Isoprothiolane is good alternative to tricyclazole, but restricted in the US
The Centre is working with basmati exporters to identify alternatives to tricyclazole — a fungicide used to treat rice — as the European Union seems inflexible in its decision to bring down the tolerance level for the chemical next year, effectively banning its use.
“If alternatives are not found, India’s basmati exports to the region could get hit drastically as the levels of tricyclazole in Indian rice is mostly much higher than the default level of 0.001 ppm (parts per million) that the EU wants,” a government official told BusinessLine.
The Agricultural and Processed Food Products Export Development Authority (APEDA), under the Department of Commerce, together with basmati rice-exporting companies, is looking at possible solutions to the problem, the official added.
No issues with current cap

The maximum residue limit (MRL) for tricyclazole, a fungicide used by rice-growing countries to protect the crop from a disease called ‘blast’, is at present fixed at 1 ppm by the European Union.
Indian exporters do not have any problems staying within this limit, but once the default level of 0.001 ppm kicks in, much of the $3 billion of basmati exported to the EU from India could get affected.
The industry and government are finding it difficult to zero in on other fungicides that could be used because of a peculiar problem, the official said. While the fungicide isoprothiolane (IPT) could be a good alternative to tricyclazole as it has similar properties and is allowed in the EU, it is difficult to advise farmers to switch to it as the chemical is restricted in the United States.
So, in order to save the market in the EU, India would have to put at risk its market for basmati rice in the US, if it switches to IPT. The Indian Council for Agricultural Research (ICAR) is also working on varieties of rice that are resistant to the heat blast disease but it will take time to yield results.
“Before we are able to have our own varieties of disease-free rice, we have to use our diplomatic skills to sort out the problem with the EU and also with the US if required,” the official said.
India is continuing to talk to the EU hoping to convince it to change its mind about lowering the maximum residue limit for tricyclazole.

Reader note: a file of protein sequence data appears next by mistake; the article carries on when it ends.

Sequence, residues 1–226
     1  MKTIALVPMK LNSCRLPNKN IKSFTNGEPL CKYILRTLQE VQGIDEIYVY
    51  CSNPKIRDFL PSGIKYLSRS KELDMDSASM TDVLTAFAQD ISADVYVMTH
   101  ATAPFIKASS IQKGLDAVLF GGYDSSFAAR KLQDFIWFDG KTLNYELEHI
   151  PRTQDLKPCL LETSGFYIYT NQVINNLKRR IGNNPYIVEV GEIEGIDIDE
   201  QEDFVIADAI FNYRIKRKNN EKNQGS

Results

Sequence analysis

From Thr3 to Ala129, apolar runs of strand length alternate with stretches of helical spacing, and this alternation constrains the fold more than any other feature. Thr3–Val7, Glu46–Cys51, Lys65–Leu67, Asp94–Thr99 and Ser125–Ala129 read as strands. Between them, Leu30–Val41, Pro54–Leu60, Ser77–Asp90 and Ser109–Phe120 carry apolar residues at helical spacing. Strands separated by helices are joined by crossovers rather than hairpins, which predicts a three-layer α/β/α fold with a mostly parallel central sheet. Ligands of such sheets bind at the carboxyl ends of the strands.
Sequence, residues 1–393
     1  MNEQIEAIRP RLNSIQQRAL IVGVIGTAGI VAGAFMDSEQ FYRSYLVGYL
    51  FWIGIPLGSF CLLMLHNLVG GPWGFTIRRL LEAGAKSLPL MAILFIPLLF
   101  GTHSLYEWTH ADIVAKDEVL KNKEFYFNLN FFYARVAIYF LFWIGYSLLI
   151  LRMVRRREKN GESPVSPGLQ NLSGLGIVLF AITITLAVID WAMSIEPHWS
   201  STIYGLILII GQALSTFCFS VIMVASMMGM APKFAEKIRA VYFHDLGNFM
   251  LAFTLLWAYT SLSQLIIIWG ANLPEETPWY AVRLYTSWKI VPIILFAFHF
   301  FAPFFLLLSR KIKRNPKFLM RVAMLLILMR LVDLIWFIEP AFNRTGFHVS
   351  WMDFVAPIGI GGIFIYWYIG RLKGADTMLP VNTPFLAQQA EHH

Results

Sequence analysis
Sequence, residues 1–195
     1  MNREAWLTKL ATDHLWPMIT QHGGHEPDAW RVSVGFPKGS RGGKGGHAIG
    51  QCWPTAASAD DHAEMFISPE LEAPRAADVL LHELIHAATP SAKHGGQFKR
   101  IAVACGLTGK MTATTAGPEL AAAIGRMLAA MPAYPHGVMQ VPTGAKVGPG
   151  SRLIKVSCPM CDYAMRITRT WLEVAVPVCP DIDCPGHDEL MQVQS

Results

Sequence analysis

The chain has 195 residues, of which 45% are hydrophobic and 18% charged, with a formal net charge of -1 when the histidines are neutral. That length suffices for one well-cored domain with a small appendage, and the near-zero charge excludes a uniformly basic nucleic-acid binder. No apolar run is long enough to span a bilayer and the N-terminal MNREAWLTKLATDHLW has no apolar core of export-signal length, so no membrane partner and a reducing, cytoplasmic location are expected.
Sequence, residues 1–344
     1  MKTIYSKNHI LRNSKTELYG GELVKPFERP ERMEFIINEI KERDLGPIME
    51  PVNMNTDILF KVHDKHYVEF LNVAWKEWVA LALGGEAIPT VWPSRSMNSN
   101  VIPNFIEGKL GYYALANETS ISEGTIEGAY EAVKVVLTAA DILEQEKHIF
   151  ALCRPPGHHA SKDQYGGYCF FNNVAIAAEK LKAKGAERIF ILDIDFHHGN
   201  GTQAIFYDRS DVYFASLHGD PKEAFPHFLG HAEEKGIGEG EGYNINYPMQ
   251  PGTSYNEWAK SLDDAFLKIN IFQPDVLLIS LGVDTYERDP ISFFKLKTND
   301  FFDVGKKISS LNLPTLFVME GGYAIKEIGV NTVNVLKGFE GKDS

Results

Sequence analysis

“The EU does not seem too impressed by the problem Indian basmati exporters may face next year. India is talking to countries like Italy and Portugal, which do not support the EU initiative of raising the tolerance level, to strengthen its argument,” the official said.
(This article was published on May 11, 2017)

PHL must import rice soon–Piñol 

In File Photo: A worker passes a sack of rice to other workers inside a National Food Authority (NFA) warehouse in Taguig City
The chief of the Department of Agriculture (DA) said on Thursday he has changed his mind, and is now urging President Duterte to allow the National Food Authority (NFA) to import rice for its buffer stock during the lean months.
Agriculture Secretary Emmanuel F. Piñol made the pronouncement following reports that rice prices have increased by as much as P100 per 50-kilogram bag.
“Let the NFA do the importation now, because the harvest season has ended. The NFA is complaining that they don’t have sufficient buffer stock. If it wants to import, it should be now,” Piñol told reporters in an interview on Thursday.
“I told the President that now is the best time for the NFA to import. And it should be via government to government,” he added.

Citing data from the International Rice Research Institute (Irri), Piñol said the country’s rice shortfall this year could reach as much as 800,000 MT. “However, this is much lower than the shortfall in previous years. The Irri study showed that the trend in the rice consumption of Filipinos is declining,” Piñol said.
“The Filipino family has become prosperous and, more often than not, when they eat outside, they only consume less rice,” he added. The NFA had earlier asked the interagency NFA Council (NFAC) to allow the government-to-government purchase of 250,000 metric tons (MT) of rice, citing its difficulties to procure palay from farmers to boost its stockpile.
The food agency said it would need an additional 490,800 MT to meet the 30-day buffer-stock requirement of the Legislative-Executive Development Advisory Council.  The NFA is mandated to maintain a rice buffer stock that will last for 15 days at any given time and 30 days at the onset of the lean months. Rice harvest is significantly lower during the lean months of July to September.